Genome Sequencing, Assembly, and Annotation.

The dikaryotic M. larici-populina 98AG31 and P. graminis f. sp. tritici CDL 75–36-700–3 (race SCCL) strains (SI Text, Background Information) were sequenced by whole-genome sequencing and were assembled into predicted 101.1-Mb and 88.6-Mb genomes, respectively (SI Text, Genome Sequencing and Assembly). The protein-coding genes were predicted with a combination of automated gene callers, ESTs produced from each rust fungus, and filtering dubious genes with similarity to TEs (SI Text, Gene Prediction and Annotation). In total, the gene sets included 16,399 and 17,773 predicted genes for M. larici-populina and P. graminis f. sp. tritici, respectively; these were the basis for multigene family analyses. The M. larici-populina genome sequence can be accessed at http://jgi.doe.gov/Melampsora and the P. graminis f. sp. tritici genome sequence can be accessed at http://www.broadinstitute.org/annotation/genome/puccinia_group/MultiHome.html.

Microarray Analysis of Gene Expression in Urediniospores and Rust-Infected Plants.

For both M. larici-populina and P. graminis f. sp. tritici, gene expression was assessed in resting and in vitro germinating urediniospores of the sequenced rust strains, as well as in respective host plant tissues at late stages of infection, by using specific custom 70-mer oligoarrays (SI Text, Whole-Genome Exon Oligoarrays). Methods for RNA isolation, probe synthesis and hybridization, and data capture and analyses are described in SI Text, Whole-Genome Exon Oligoarrays, and the data can be accessed in the Gene Expression Omnibus (GEO) database (GSE23097 for M. larici-populina and GSE25020 for P. graminis f. sp. tritici).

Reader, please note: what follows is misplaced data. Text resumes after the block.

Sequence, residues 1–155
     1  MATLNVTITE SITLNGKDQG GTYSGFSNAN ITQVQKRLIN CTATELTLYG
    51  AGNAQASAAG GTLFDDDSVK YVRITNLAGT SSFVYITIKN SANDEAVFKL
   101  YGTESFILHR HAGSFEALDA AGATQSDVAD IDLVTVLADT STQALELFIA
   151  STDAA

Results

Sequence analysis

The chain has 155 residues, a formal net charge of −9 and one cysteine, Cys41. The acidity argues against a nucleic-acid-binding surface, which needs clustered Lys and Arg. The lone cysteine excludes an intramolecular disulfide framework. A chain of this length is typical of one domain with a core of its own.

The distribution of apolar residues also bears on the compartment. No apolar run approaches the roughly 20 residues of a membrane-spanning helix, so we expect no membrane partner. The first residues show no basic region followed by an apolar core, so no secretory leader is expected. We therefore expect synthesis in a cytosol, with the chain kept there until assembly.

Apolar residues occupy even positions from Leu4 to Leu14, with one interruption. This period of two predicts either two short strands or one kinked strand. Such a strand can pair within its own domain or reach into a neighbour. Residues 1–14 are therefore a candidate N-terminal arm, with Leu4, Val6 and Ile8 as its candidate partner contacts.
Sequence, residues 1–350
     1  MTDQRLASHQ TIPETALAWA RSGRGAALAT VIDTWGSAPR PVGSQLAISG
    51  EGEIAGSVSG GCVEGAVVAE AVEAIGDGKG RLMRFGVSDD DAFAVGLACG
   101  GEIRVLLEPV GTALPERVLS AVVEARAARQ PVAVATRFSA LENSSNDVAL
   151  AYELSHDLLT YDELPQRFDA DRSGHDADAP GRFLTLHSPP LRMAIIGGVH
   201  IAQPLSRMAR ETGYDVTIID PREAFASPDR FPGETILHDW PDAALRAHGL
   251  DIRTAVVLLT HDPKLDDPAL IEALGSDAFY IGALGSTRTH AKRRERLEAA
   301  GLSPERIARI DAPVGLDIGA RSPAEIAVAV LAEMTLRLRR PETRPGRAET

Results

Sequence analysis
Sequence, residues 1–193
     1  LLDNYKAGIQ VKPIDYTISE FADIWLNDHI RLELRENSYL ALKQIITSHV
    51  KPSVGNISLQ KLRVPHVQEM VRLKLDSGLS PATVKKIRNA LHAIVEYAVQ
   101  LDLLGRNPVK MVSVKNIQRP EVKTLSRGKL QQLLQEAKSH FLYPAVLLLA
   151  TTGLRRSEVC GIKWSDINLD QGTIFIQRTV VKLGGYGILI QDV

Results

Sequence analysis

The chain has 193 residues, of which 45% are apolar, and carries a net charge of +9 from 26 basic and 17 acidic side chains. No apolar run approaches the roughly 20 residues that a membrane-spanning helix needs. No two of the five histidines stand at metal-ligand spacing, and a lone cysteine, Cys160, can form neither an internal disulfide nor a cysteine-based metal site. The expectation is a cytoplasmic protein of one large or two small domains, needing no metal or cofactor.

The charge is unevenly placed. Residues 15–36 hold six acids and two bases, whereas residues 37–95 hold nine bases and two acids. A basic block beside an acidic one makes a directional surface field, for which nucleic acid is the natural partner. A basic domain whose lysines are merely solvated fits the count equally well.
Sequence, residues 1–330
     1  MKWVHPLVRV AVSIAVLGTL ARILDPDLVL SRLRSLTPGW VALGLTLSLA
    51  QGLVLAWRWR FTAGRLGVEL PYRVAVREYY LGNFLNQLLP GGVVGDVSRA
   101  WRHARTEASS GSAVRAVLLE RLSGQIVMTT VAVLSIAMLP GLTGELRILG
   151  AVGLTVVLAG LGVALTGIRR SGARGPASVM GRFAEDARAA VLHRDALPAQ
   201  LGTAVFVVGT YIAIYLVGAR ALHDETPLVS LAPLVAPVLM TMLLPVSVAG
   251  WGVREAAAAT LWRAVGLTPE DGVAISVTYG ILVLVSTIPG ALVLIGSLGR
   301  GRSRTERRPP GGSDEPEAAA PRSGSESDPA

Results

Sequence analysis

Data Availability

Data deposition: The sequences reported in this paper have been deposited in the GenBank database [accession nos. AECX00000000 (M. larici-populina 98AG31) and AAWC01000000 (Puccinia graminis f. sp. tritici)]; the data reported in this paper have been deposited in the Gene Expression Omnibus (GEO) database, www.ncbi.nlm.nih.gov/geo [accession nos. GSE23097 (M. larici-populina 98AG31) and GSE25020 (Puccinia graminis f. sp. tritici)].